We should support researchers of any age and experience to be curious about knowledge and multiple ways of knowing, rather than seeing scholarship as a battlefield upon which to win. It is in that spirit that I am opening up the paper for ongoing future critique, in this google document. The problem with seeing scholarship as conflictual is that people can seek to win an argument by any means, including by ‘horribilising’ those people and ideas they cast as opponents. I was disappointed that a recent critique of Deep Adaptation not only misrepresented the arguments in the original paper dozens of times, but also misrepresented me on indigenous issues in a way that might “mobilize aggression” against me, according to a leading indigenous scholar. Therefore, in the spirit of open dialogue, people who choose to criticise others should also welcome scrutiny and dialogue. That may help moderate some of the misrepresentations that could occur when scholars become over excited about their lines of ‘attack’. Therefore, I am opening up to analysis the longest and best known criticism of the original Deep Adaptation paper, an essay in Open Democracy. Anyone can comment. There I provide annotations, showing where there were 26 critical statements on the original paper that involved a misrepresentation of the arguments in that paper, and 7 critical statements about myself, the Deep Adaptation agenda or community that are factually incorrect. In the annotations I provide suggestions for further reading by the authors and their backers, so they can better understand the academic fields of scholarship that are relevant to their critiques. I hope this will also be a resource for future reviewers of content on these topics. 

Listen to all the sciences:

One of the key messages of climate campaigners over the years has been – “listen to the science.” That is a clear message to policy makers whose economic policies, amongst others, have not placed the climate emergency at the start of their policy thinking. However, we also know that the IPCC is a conservative intergovernmental group which seeks consensus and therefore does not include some of the worst information and analysis. Therefore “listen to the science” also means listen to all the science, not only that which is able to be included in a lengthy consensus process. Fortunately, since 2018, the IPCC has become clearer on the risks, but this wider need to listen to all science remains. In particular, is the need to recognise that an assessment of our situation, why society does not change, and how it may change in future, is not the realm of climate science, nor any natural science at all. Instead, it is the realm of the social sciences. Therefore, our new message needs to be “listen to all the sciences.” Listening to all the sciences would mean listening to the humanities, philosophy, social psychology, critical sociology, political studies, heterodox economics, decolonial cultural studies and educational theory, amongst others fields of scholarship. 

Unfortunately many scholars working on climate change are not versed in a variety of scholarly areas and thus make simplistic mistakes in both their research and public communications. For instance, there are articles being published by academics on the frames and narratives around climate change which suggest little to no awareness of the authors about the main fields of scholarship that relate to such an inquiry. In particular: cognitive linguistics and critical discourse analysis. As such, they uncritically use terms like ‘doomism’ without use of linguistic or discourse theory, nor use significant recent primary data, or show any reflexivity on their own ideology, frames and intentions. Therefore such academics might unintentionally add to the discourses of denial of adaptation as a valid, urgent and complementary agenda in climate discussions.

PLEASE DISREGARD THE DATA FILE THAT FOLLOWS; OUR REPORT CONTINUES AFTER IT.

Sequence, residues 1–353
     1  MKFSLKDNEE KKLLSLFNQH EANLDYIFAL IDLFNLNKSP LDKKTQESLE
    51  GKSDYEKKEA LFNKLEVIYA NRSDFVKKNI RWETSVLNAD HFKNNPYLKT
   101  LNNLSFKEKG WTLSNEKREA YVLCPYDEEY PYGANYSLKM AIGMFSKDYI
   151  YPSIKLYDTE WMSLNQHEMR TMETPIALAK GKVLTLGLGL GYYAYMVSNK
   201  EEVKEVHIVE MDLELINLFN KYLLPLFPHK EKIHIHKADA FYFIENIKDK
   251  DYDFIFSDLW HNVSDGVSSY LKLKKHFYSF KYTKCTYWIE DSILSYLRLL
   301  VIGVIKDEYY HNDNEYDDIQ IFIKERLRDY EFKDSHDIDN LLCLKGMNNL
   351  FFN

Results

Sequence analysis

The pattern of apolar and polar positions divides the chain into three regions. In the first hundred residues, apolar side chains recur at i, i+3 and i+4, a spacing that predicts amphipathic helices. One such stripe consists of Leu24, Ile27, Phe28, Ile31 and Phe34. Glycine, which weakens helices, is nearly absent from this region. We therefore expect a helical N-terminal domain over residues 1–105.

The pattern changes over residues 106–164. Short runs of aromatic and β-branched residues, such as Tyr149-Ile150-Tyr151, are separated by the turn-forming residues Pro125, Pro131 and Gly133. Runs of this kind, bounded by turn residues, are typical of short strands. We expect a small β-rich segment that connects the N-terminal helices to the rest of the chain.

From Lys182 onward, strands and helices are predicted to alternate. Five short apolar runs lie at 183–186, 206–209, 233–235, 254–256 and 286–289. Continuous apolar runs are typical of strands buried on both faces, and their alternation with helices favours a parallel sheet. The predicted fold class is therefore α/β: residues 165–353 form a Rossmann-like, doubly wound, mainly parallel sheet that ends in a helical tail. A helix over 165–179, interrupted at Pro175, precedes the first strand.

Many scientists are not trained in cognitive linguistics, framing, narrative, discourse, and how that shapes the way they perceive, feel, think, analyse and communicate. This means unconscious bias problematically shapes their contributions. That could become a worse problem for humanity’s understanding of our predicament if their views become empowered to censor discussion on the internet, via climate fact-checking services employed by Facebook and other social media, as has already begun

In the Open Democracy article that critiques the original Deep Adaptation paper, their main source is one blog from one scientist on tipping points. That blog and its enthusiastic embrace by some in the climate science community may reflect a sociological ignorance. A rapid review of it’s opening paragraph reveals how an ideology is shaping the framing and narrative. The blog’s self-appointed attempt to own truth and impose it on other people is reflected in the framing that this opinion in a blog is a “Fact-Check Verdict”. Why would a scientist seek to simplify messaging in such an unscientific way? If the aspiration is to become part of the Facebook fact checking machine, then the choice of framing would be tactical. But that would mean this subjective opinion is offered so as to control, not just contribute to, informed discussion of climate change. Here is the text of the blog cited by the Open Democracy authors: